Despite being a relatively nascent concept, livestream shopping is quickly gaining traction. As an immersive e-commerce platform, livestreaming has the potential to deliver a novel and interactive travel booking experience.
Livestream shopping gaining traction
Livestream shopping incorporates an online livestream broadcast with an e-commerce platform, allowing viewers to watch and shop at the same time. The concept first became popular in China, but is quickly gaining traction around the world and in various industries. This includes the travel industry, as more businesses and consumers turn to novel ways of shopping online. This way of engaging with travellers offers destinations and retailers a new channel, with significant potential for creating and delivering value.
Within the travel space, livestreaming provides users with a dynamic and interactive way to engage future travellers, and showcase potential holiday destinations. The enormous scope for creating and delivering value can be seen in China’s travel market. Trip.com Group’s chairperson, James Liang, has become a familiar fixture on the company’s livestream shopping events, selling thousands of hotel rooms in weekly events. Trip.com has leveraged innovative live streaming capabilities for specific markets with its own livestreaming program, BOSS Live Broadcast. Livestreaming on this platform reportedly contributed nearly CNY5 billion ($786.8 million) in trading volumes globally, from March 2020 to the end of 2020.
The pandemic aided livestreaming
Covid-19 has aided the concept of livestream shopping. As people spent more time online, businesses fought to capture the attention of consumers in new ways, and consumers looked to businesses for engagement. During China’s domestic lockdown, Alibaba’s travel platform, Fliggy, allowed Chinese travellers to discover new places around the world by broadcasting live from Serbia, Finland, Germany, and the UK, as well as from cultural European destinations including the Palace of Versailles, the British Museum, and Madrid’s Prado.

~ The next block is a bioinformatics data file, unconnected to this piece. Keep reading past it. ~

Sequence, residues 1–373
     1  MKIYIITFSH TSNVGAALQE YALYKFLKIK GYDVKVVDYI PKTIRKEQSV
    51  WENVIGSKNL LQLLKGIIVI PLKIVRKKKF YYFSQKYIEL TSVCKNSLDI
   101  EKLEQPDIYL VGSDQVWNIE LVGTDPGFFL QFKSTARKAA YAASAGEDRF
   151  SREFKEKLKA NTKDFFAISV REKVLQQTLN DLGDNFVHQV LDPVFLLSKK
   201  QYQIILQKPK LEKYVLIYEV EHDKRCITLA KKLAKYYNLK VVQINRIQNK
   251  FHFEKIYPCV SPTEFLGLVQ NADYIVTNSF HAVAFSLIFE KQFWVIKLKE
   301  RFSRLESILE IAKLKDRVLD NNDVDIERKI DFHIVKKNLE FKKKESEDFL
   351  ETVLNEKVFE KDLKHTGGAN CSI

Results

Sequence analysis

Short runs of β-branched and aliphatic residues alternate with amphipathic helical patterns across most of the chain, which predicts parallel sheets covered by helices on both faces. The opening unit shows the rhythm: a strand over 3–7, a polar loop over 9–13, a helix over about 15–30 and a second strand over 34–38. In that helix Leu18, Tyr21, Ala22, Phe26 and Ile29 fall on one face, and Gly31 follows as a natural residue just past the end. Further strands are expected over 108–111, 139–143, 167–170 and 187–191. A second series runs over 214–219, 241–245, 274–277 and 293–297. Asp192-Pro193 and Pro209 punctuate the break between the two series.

Furthermore, according to a GlobalData’s Q1 2021 Consumer Survey*, 21% of respondents would like brands to provide general entertainment. In addition, 25% of respondents consider the ability to engage with a brand directly an essential driver of purchase, which rises to 30% of Gen Z and 32% of millennials. This bodes well for a concept which blends entertainment and instant purchasing, and is generally less transactional and more catered to fostering long-term relationships with customers.
Livestream shopping success lies in attracting the new generation of travellers
However, holidays are typically more expensive than the retail items which populate livestream shopping. As such, the aspect of impulse purchase behaviour may be missing. Nevertheless, it has the potential to generate new leads, opportunities, and customers. Furthermore, what works in livestream shopping’s favour is that it attracts a much younger audience, who are the next generation of holidaymakers and spenders. According to GlobalData’s Q1 2021 Consumer Survey*, 32% of Gen Z respondents want general entertainment from brands, followed by 28% of millennial respondents. This falls to just 11% of boomer respondents, and only 5% of the Silent Generation. Respondents in India (35%), Brazil (32%) and South Africa (31%) show the greatest demand for entertainment from brands. Companies who want to tap into this market would be amiss not to take advantage of this.
*GlobalData Consumer Survey Q1 2021 – 21,768 respondents